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The Perfectibility of Man
Holding a constrained vision in government but an unconstrained vision in theology and private morality.
I’m currently reading Thomas Sowell’s A Conflict of Visions, and I had an intriguing realization that I hold what he would consider a constrained vision when it comes to government and earthly institutions but an unconstrained vision when it comes to the power and majesty of God's plan for his children.
I do, in fact, believe in the idea of the perfectibility of man, that each individual can proceed line upon line, precept upon precept, toward greater understanding and virtue. This falls into an unconstrained vision of human nature. But this view is tempered by the principle of rendering unto God that which is God's and unto Caesar that which is Caesar's.
Man cannot perfect himself. Human nature is fallen and corrupt. The natural man is an enemy of God. Human nature, as a whole, is not variable or perpetually improved from generation to generation. Every human being ever born begins at generally the same starting point, a fallen creature.
Light cannot come from darkness. Light must be shed upon darkness from a source of light. When man enters into light, he partakes of virtue and starts down the path of perfection by entering into God's kingdom. And His kingdom is not of this world.
And not even with God is perfectibility a mass project. The Great Plan of Salvation is really a host of plans, one for each of God's children, with no two plans alike. Each living soul must work out their own destiny with fear and trembling, exercising their agency as they are prompted by the competing voices of the holy spirit and their own fallen nature. Each person must choose to accept the gospel path.
Men are not cogs in a gospel machine, churning out perfected disciples automatically, repeatedly, and without variation. God approaches each of His children as individuals, a loving Father who knows each of us as the unique creations we are and exhorts us in ways unique to each of us.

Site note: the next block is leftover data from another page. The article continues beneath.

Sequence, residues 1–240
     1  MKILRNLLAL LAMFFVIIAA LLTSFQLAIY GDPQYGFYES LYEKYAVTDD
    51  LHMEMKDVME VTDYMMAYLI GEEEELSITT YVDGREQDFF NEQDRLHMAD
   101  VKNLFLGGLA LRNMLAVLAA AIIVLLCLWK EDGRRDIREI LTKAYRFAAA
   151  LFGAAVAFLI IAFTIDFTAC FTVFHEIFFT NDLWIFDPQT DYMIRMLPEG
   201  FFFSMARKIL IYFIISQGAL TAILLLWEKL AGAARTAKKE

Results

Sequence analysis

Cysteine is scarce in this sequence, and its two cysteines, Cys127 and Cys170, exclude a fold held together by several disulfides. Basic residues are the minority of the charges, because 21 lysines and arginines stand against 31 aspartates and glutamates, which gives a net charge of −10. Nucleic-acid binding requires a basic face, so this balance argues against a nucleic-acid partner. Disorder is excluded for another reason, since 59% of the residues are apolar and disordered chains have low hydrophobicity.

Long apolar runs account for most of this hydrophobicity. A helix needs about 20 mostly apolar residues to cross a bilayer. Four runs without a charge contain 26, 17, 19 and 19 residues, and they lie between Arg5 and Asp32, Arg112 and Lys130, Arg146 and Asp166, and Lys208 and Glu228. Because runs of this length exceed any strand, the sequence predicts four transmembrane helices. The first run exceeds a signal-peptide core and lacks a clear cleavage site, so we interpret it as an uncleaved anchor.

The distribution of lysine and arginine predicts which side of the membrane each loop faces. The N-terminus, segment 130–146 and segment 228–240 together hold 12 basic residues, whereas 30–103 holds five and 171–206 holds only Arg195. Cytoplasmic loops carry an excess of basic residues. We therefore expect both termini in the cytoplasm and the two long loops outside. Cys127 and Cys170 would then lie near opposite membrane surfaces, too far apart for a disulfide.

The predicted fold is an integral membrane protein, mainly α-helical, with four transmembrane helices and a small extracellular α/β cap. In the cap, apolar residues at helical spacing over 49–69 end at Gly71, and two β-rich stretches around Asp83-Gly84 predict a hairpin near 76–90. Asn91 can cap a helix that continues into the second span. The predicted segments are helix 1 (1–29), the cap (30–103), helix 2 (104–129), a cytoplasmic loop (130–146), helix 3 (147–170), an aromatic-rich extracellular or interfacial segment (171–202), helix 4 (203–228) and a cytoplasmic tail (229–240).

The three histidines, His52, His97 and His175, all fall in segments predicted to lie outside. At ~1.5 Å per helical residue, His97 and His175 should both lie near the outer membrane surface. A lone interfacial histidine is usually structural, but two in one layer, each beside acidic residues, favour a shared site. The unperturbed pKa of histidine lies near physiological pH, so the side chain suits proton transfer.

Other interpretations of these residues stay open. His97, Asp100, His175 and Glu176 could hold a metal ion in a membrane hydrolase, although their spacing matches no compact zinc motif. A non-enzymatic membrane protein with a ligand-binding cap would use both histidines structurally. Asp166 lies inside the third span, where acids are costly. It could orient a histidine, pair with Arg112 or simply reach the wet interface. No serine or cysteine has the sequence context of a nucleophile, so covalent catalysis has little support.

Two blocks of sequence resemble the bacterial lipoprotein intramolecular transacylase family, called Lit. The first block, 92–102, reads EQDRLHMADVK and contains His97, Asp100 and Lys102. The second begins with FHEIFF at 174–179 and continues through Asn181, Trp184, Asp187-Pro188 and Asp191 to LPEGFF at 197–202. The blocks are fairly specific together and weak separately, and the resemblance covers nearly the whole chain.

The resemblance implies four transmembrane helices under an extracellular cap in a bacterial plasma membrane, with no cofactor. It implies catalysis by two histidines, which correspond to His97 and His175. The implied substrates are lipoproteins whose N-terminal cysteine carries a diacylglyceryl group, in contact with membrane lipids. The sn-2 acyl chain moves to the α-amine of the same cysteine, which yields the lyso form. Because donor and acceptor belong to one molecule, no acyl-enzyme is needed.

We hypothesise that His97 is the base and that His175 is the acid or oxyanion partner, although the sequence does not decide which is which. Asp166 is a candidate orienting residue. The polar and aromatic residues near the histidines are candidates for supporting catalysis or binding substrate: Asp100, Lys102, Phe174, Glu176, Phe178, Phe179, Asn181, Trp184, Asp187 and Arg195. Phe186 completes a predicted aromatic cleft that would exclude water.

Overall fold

The purpose of government, then, in the matter of the perfectibility of man, is largely to get out of God's way. We have no wisdom, we have no insight, we have no independent light of our own that can approach an inkling of God's. No government program, no policy measure, no basis of legislation can imitate the gospel path or stand in for God's kingdom.
And the more we try to turn men into constructs of their government, the more we try to push and prod people toward our limited sense and understanding of virtue through the coercion of law, the more we will be frustrated in our designs, for, again, we have no independent light of our own to shed upon the darkness of our own nature.
The more we try to play God, the more we stand in the way of God's plan, a plan built upon the agency of man and the way He sees to the care of each of His children uniquely and based upon freely choosing His gospel path.
Virtuous society and the perfectibility of man rely upon the ends of government being nothing more and nothing less than establishing the sovereignty and liberty of free people. Only then can the spirit of God act upon men uninhibited and unfettered. Only then can men be free to act according to the dictates of their conscience and freely choose the unique paths God has prepared for them.
Justin Stapley received his Bachelor’s Degree in Political Science from Utah Valley University, with emphases in Political Philosophy and Public Law, American History, and Constitutional Studies. He is the Founding and Executive Director of the Freemen Foundation as well as Editor in Chief of the Freemen News-Letter. @JustinWStapley
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